Discussion in 'Software' started by Chicken76, 7 Oct 2012.
I know I am probably going to be moaned at for this, but why not use windows hyper-v 2012?
I'd like to turn that question around and ask you to explain why you should use HyperV at all?
I don't know how Hyper-V stands from a technical perspective, but I'm trying to stay away from Microsoft as much as possible. I like free and open software, and "free" here is as in "free speech", not "free beer" (as Richard Stallman puts it so well). I know, ESXi is not exactly free according to this definition, but still, VMware is (still) far from Microsoft on the evilness scale.
I mean no disrespect for you deathtaker27 and appreciate your input on this subject. I'm sure Hyper-V has evolved over the years and maybe some things are easier done compared to VSphere. I'm holding it as a last option if VMware and KVM prove not to be on my liking.
Thank you for a well thought out reply, Just to clarify I wasn't aiming to troll, I was just curious to see what the reasoning behind this was.
On the free argument, Microsoft Hyper-V Server 2012 is a Non-Gui Free hyper-v server that you can install and run in production enviroments.
In argument to why you should use hyper-v I would type it out, but I think the following is one of the best round ups I have read of recent times:
Is there a procedure/utility for that?
I tried it on the new ESXi 5.1. I had a VM created on an iSCSI NAS. I installed a hypervisor on another machine, connected to the iSCSI datastore, but could only run that VM if I created a new one and specified the existing files on the NAS as it's virtual hard drive. Is there a better way to import an existing VM without going through the creation menus?
Do you know of any licensing limitations of Hyper-V, such as mandatory use of at least one Windows VM, or anything similar?
I'm not particularly interested in business reasons to go with HyperV, I'm more interested in performance benchmarking and operational reasons.
Do VMs (especially Linux VMs, given that HyperV no doubt has some Windows-specific performance perks) perform better under HyperV?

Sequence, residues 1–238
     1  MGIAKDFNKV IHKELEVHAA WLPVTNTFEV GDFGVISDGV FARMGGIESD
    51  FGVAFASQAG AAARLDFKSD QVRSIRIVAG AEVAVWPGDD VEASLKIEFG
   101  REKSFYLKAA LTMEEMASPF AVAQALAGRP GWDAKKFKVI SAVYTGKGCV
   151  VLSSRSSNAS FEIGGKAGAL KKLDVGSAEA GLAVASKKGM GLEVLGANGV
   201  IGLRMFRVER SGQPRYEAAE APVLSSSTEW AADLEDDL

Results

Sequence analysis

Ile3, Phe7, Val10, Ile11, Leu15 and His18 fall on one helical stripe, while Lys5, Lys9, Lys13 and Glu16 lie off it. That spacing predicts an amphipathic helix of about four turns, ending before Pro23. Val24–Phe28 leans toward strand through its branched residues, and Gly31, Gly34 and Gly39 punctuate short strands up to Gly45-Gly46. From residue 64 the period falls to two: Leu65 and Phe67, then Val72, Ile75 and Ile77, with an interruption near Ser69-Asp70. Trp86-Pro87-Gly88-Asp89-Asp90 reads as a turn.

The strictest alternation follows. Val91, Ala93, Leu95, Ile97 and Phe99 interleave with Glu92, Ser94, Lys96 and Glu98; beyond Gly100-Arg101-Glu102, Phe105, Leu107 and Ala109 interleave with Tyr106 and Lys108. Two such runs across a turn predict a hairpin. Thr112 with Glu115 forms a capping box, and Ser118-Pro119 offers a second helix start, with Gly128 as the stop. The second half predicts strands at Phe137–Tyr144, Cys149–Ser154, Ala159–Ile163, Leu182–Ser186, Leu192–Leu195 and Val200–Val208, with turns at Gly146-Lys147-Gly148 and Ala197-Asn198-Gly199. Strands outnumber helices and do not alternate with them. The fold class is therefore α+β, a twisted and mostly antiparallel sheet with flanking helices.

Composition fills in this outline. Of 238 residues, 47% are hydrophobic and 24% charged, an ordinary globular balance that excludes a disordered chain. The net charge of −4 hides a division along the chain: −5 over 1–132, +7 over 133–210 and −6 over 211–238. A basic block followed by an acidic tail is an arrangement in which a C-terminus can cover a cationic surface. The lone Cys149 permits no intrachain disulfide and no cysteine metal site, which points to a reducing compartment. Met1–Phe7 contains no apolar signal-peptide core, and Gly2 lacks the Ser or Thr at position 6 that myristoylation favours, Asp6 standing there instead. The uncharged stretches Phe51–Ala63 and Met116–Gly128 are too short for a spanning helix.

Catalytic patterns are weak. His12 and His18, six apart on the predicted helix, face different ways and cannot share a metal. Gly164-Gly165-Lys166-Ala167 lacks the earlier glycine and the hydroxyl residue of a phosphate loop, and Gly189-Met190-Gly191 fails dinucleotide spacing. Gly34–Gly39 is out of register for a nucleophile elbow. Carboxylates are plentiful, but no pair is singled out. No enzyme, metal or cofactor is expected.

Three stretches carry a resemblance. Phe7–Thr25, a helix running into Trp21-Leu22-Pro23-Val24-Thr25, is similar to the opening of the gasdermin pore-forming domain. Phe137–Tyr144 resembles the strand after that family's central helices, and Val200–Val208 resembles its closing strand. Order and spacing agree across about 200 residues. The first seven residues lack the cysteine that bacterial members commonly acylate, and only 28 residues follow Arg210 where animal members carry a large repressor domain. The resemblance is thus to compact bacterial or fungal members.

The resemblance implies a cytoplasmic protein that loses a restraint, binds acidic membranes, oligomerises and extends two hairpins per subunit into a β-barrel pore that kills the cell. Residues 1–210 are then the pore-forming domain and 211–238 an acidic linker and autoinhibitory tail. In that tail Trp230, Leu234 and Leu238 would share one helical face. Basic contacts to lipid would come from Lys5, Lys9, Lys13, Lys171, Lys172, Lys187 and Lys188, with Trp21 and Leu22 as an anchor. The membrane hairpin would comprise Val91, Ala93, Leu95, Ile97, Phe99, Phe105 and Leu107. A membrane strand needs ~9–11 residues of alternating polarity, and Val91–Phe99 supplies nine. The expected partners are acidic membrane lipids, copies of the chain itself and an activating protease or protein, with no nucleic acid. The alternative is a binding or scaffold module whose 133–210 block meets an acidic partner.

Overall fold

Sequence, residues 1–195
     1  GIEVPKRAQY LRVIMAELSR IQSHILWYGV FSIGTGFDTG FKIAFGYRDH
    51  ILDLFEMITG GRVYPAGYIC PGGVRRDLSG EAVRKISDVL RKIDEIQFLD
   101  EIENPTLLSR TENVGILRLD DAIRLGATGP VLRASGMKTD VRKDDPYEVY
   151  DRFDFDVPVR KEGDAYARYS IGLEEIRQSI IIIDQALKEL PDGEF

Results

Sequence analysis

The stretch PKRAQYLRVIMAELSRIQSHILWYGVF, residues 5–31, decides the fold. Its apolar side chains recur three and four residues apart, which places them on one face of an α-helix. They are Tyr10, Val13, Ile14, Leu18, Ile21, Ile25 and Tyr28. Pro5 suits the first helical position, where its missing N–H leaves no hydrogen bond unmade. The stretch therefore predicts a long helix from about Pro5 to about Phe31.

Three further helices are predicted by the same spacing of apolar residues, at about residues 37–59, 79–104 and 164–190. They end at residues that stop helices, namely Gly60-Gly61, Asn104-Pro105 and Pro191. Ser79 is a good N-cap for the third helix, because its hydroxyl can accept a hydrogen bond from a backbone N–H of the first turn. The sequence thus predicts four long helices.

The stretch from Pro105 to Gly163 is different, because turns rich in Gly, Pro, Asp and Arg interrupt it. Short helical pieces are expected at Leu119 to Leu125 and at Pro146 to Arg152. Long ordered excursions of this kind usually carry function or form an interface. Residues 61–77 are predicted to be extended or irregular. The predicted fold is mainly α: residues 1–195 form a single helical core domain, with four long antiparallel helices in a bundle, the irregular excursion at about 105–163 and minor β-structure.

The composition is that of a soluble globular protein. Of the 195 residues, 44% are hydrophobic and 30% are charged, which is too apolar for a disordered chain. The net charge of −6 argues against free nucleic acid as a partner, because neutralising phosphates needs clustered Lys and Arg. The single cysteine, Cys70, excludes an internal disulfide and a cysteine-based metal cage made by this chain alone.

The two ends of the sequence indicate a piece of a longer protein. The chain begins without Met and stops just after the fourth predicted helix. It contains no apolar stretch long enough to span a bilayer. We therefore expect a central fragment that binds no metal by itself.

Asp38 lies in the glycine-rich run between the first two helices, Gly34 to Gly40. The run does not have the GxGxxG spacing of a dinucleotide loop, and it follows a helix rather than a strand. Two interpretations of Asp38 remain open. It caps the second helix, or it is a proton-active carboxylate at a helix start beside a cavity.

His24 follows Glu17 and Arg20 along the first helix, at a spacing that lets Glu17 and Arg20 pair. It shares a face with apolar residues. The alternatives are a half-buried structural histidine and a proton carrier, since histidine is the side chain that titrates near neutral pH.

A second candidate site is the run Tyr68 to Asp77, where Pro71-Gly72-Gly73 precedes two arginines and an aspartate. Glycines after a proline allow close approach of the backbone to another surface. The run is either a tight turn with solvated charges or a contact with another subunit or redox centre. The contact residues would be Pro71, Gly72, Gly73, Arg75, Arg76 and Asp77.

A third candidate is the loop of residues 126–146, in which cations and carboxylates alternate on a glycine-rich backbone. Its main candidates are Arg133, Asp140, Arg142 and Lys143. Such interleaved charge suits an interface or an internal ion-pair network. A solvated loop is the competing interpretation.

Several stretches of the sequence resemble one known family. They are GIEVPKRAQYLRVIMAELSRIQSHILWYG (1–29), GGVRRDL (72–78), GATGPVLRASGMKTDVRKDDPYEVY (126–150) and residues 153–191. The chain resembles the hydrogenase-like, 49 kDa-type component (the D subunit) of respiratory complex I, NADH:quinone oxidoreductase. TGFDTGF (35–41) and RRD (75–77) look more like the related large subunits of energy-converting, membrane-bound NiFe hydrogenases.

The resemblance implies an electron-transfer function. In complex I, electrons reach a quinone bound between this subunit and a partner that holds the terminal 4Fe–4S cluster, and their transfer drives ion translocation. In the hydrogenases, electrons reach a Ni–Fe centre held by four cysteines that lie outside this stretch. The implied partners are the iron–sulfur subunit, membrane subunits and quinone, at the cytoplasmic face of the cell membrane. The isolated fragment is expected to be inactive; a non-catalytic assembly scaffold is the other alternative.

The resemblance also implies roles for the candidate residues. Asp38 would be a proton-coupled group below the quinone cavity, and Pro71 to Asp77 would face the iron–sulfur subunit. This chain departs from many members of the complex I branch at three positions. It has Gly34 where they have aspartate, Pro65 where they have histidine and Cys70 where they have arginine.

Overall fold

Does it give you more flexibility with virtual hardware?
Can you hot-add disks/NICs/other hardware and hot-expand virtual disks?
Can you run full paravirtualised hardware (so VMs on the same host can talk to eachother via full 10Gb networking rather than 1Gb LAN)
Assuming the VMX file is on the same datastore as the VMDK, you should be able to browse to the datastore and either double- or right-click on the VMX file - vSphere Client should ask you if you want to add the VM
Screenshot below from my host:
There's no license limitations AFAIK
I remained with the impression that the main argument for using Hyper-V is it's significantly lower price. I have no doubt that if someone were to calculate the budget necessary to virtualize a proper datacenter, using Hyper-V would be a lot cheaper (for now ) than using VSphere. However, that's not my case. I'm going to start off with one host, and use a free hypervisor for that single host. The price of the advanced features is not an issue for me at the moment.
Darn it, could it be that simple? How did I miss that?
I've just read the article fully, and I'm going to stick my neck out and call marketing BS. It's basically just a Microsoft sales rep trying to take apart VMware's "we're better than Microsoft" sales pitch, which doesn't really help anyone.
Ultimately it's up to Microsoft to provide sound technical reasons why HyperV is a good choice over vSphere (or even Linux-based solutions like KVM/Libvirt/QEMU or Xen). If there's no real operational benefits from going with HyperV, I'd personally either stick with vSphere or even look at Linux KVM if you're confident with your Linux knowledge.
Other thoughts on hypervisors are in my post here.
Aaaaand here's another question:
Have you "bonded" NICs with ESXi? Any quirks that I should know about?
Bonded (or "Teamed") NICs work absolutely great in ESXi - you can either active/passive or load-balanced teaming
Can you give me more detail? I'm not sure what you mean by active and passive teaming?
Active/passive means that one NIC will be in-use while the other will be the secondary NIC and will only be used when the active NIC fails.
Load-balanced does exactly what it says on the tin, both NICs are active with the load balanced equally between the two.
More detail: http://kb.vmware.com/selfservice/mi...nguage=en_US&cmd=displayKC&externalId=1004088
NIC teaming needs 802.3ad support on the connected switches, but this is (I think) built into the Gigabit Ethernet standard so you should be fine
802.3ad ? That's LACP, isn't it?
Yep, LACP is Link Aggregation Control Protocol (wiki) -
Over other forms of NIC bonding, LACP is the most advanced and recommended, isn't it?
As far as I know it's the only bonding technology - an IEEE standard is generally worth using
"... most network switch manufacturers had included aggregation capability as a proprietary extension to increase bandwidth between their switches. But each manufacturer developed its own method, which led to compatibility problems."
"In addition to the IEEE link aggregation substandards, there are a number of proprietary aggregation schemes including Cisco's EtherChannel and Port Aggregation Protocol, Nortel's Multi-link trunking, Split Multi-Link Trunking, Routed Split Multi-Link Trunking and Distributed Split Multi-Link Trunking, ZTE's "Smartgroup", or Huawei's "EtherTrunk"."
You learn something new every day, +rep
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